One Complaint Leads to Another
Last week’s Sunday worship was warming. We praised God for his goodness. We sang songs and felt deep gratitude to God for who he is, for what he’s done.
We were taking the attitude of gratitude home with us.
Until the amen.
We were dismissed. Unfortunately, my attitude of thanksgiving dismissed itself, too. The friend beside me was questioning why it had to be so cold in the sanctuary. Yes, I agreed, why? I’m freezing.
One verbal complaint led to more mental complaints. Many of them centered around time.
- Why is it taking so long to find Jeff in the crowd?
- What time will we ever get to eat lunch today?
- I need more time this afternoon to get things done.
It’s hard to keep a grateful heart when I feel pressed for time.
Do You Have Enough Time?
I struggle to be content with time. I have more things I want to do than time available to do them.
“If you feel ‘crunched for time,’ then you are. It’s as simple as that.“
– Andy Draft
I want more time. I need more time. Yes?
But this week of Thanksgiving—this life of thanksgiving—tells me otherwise.
It whispers, “Enough.”
I’ve always had enough. Now is enough, too. So why do I think there won’t be enough time in the future to accomplish what God wants to accomplish through me?
I want to trade my attitude of crunched for an attitude of enough.
We had read Colossians 3:15-17 that morning in church. It said,
- Let peace rule.
And be thankful.
- Let the Word dwell.
And give thanks.
To let peace rule and to let the Word dwell—which prompts giving thanks—I need to change my discontentment with time.
“Most of us feel some level of time famine. We do not think we have enough time for all the things we feel the need to do. We feel like we are starving for time. These feelings have serious consequences.”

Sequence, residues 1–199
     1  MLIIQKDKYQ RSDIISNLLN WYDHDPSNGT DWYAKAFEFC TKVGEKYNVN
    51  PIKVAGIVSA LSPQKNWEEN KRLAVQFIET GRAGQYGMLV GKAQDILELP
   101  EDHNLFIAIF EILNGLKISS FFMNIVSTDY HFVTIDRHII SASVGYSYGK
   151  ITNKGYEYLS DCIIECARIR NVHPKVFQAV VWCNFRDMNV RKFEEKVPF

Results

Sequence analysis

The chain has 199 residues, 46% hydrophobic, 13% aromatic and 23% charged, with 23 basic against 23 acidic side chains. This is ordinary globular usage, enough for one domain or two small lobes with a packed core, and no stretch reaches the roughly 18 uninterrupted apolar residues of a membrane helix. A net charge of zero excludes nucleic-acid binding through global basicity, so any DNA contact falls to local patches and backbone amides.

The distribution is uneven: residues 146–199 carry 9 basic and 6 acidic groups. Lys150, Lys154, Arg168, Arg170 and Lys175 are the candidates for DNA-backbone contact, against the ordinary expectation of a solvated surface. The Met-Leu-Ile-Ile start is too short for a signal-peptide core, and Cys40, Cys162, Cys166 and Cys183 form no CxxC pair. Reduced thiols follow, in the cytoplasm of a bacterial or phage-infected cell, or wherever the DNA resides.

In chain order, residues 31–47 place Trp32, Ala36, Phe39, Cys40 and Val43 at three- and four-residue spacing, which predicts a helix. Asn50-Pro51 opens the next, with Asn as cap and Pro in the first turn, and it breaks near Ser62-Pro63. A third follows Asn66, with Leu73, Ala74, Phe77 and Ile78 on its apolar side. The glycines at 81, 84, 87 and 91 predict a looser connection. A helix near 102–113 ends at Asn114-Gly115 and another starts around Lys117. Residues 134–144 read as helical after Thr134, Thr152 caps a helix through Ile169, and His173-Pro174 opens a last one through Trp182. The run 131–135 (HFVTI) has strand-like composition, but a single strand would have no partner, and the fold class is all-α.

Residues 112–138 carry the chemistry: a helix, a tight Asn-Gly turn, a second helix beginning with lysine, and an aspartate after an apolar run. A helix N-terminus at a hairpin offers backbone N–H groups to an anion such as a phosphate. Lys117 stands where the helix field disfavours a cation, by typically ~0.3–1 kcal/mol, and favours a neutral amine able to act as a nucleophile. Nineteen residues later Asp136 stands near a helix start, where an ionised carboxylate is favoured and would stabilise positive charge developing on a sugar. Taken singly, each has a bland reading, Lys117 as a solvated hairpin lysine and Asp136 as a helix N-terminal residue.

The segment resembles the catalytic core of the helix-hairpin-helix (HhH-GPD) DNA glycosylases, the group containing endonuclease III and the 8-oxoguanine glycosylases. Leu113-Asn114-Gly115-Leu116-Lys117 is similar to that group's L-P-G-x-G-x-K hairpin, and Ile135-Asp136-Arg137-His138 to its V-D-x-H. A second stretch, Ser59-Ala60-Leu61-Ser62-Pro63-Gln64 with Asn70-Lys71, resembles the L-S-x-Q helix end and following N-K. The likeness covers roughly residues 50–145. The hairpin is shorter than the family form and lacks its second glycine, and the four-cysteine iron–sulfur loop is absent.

That’s what Andy Dragt says in his new book Unbusy, that it’s not about doing more things but about doing the right things.
He says design the flow of your time so you’re free to spend as much time as it takes to achieve the important things.
But how can we arrange our time to accomplish the big things?
Dragt suggests we bring more structure, not less. Because “the opposite of structure is not freedom; it’s chaos.” And that takes deliberate intention.
“It takes work to design and live out an unbusy life.“
We have to define our values, purpose and priorities. Then plan our daily actions and routines around those goals.
Yet remain flexible within those routines.
“Be like water, and find a way to flow around the obstacles that come your way. There will be times when you need to shift into dramatically different rhythms and patterns to deal with what comes your way.”
I know my battle with time isn’t over. I still lust for more. But by being thankful for the time that I do have, my heart is more peaceful.
My attitude about time is an important part of how I spend it.
I want to foster the habit of being unbusy. Because of this: I want to live in the season of thanksgiving not only this week, but every week.
* * *
Do you feel you have enough time? Or do you always want more? Please share your battles and successes with time in the comments. I need to hear.
(If you have Kindle Unlimited, you can read Unbusy for free.)
My thanks to SpeakEasy
for the review copy of Unbusy
- 6 Books I Recommend – November 2019
- On the Blog – November 2019